Content Modularity: More Than Just Data Normalization

Guest Author
Oct. 21 2009, 12:25PM EDT

This guest post comes from Daniel Jacobson, Director of Application Development for NPR. Daniel leads NPR’s content management solutions, is the creator of the NPR API and is a frequent contributor to the Inside NPR.org blog.

As discussed in my previous post, COPE (Create Once, Publish Everywhere) is a fundamental philosophy that drives NPR's digital publishing and distribution strategy and is the foundation of the NPR API. Supporting it all is a single system that manages all incoming content and funnels it out through a single distribution pipe, regardless of content type or destination. A key principle that supports COPE is ensuring that content is stored in a modular way.

Modular storage of content is more than just database normalization. It requires strategic design of the data model to ensure that discreet objects are stored in distinct locations. To create the right design, you must truly understand your system and the assets that it stores. That is, you need to be able to identify and represent the object (or series of objects) that is at the core of your system. For NPR, the core of the system is a story. We then attach "resources" to the story, each of which is its own object in the database (examples of resources include full text with each paragraph stored as distinct records, audio, video, images, related links, and a range of other object types). Then stories get attached to lists, which are essentially a series of taxonomies that help our systems slice through the stories.

npr_entity_diagram1

The diagram above is a basic entity diagram of how NPR manages data for a story, some related resources and the list to which the stories are assigned. This is a conceptual model that represents how these entities relate to each other and does not include all resource or list entities in the system. The physical model, obviously, is much more complex. Click here for a larger and more complete view of this diagram (PDF).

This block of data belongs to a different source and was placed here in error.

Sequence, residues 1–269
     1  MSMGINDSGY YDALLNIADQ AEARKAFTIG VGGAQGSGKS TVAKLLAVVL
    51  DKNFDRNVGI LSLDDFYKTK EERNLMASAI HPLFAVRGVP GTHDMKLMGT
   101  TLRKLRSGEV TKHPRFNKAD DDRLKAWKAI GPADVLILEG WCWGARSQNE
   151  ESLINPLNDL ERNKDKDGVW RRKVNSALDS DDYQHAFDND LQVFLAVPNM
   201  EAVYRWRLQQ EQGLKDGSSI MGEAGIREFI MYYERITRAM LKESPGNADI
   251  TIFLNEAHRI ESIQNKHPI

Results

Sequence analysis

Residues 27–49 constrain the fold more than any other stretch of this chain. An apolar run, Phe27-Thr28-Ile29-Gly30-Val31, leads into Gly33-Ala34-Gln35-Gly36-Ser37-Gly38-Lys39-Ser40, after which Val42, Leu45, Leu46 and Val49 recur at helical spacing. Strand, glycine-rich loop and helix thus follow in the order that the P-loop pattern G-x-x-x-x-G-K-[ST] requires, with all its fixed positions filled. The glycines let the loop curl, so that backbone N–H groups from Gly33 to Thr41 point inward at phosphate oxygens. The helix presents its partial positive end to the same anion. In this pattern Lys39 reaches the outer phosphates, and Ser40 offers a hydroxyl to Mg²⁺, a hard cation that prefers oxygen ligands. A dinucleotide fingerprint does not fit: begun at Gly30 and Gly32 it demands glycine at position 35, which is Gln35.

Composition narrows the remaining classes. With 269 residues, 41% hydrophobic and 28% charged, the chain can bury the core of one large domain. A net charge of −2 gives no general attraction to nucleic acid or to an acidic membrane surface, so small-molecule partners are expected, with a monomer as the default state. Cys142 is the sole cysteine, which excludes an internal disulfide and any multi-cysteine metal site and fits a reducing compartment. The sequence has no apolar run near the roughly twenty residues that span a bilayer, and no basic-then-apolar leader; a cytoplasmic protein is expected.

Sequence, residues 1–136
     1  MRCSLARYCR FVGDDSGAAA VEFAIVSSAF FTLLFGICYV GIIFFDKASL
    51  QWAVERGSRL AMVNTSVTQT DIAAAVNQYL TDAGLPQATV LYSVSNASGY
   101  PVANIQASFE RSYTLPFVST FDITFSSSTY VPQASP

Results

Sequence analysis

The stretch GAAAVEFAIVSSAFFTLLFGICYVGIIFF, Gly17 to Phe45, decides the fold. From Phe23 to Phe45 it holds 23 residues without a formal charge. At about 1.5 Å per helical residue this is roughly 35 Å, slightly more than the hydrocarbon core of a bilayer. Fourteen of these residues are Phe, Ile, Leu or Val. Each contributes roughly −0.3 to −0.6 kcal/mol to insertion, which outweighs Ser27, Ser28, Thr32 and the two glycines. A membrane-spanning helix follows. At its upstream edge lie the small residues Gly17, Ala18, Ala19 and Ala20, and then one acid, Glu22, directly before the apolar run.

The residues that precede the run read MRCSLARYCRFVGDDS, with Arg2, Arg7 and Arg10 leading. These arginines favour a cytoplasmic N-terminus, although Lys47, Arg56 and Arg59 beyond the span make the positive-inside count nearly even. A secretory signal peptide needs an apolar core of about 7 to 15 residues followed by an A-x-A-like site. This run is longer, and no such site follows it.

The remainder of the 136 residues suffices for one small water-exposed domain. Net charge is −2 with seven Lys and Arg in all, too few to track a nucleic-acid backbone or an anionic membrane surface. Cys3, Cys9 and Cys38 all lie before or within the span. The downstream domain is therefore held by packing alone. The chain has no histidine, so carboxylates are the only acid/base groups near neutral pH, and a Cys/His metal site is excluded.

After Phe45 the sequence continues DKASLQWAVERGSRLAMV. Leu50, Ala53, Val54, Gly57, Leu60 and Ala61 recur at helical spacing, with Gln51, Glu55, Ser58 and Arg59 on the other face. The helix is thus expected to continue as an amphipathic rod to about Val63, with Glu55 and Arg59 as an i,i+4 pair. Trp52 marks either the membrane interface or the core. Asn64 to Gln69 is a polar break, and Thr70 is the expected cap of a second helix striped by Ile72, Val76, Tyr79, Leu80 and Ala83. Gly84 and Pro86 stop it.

NPR’s system is obviously much more complicated than this, but the breakdown of story/resources/lists is the foundation of it all. Accordingly, storage of this information in the database needs to ensure that all of these objects can be manipulated independently. With this approach, NPR is able to create a list of all images in the system, or all stories that have video, or all stories in the News topic, or any number of other combinations of stories or resources. The power of this modularity is that we have tremendous control over what gets distributed to each destination. And the distribution of content for all of these scenarios is the same simple REST-based API, requiring no special coding to generate the content for the different destinations.

npr_xmlsamp

The above is an excerpt of XML outputted from the NPR API. Clean, effective storage of the content makes it a simpler and more flexible process to manage it differently as it gets distributed to different destinations. Click here to see an expanded view of the XML with annotation detailing how it maps to the entity diagram.

Conversely, WPT's tend to store objects to enable the building of a web page. As a result, the content may be bundled together in database fields, storing the actual references to images, video and audio entirely within the story content text. It is still possible that the WPT's are adhering to some form of data normalization in their storage techniques, but that does not mean that these systems are embracing COPE.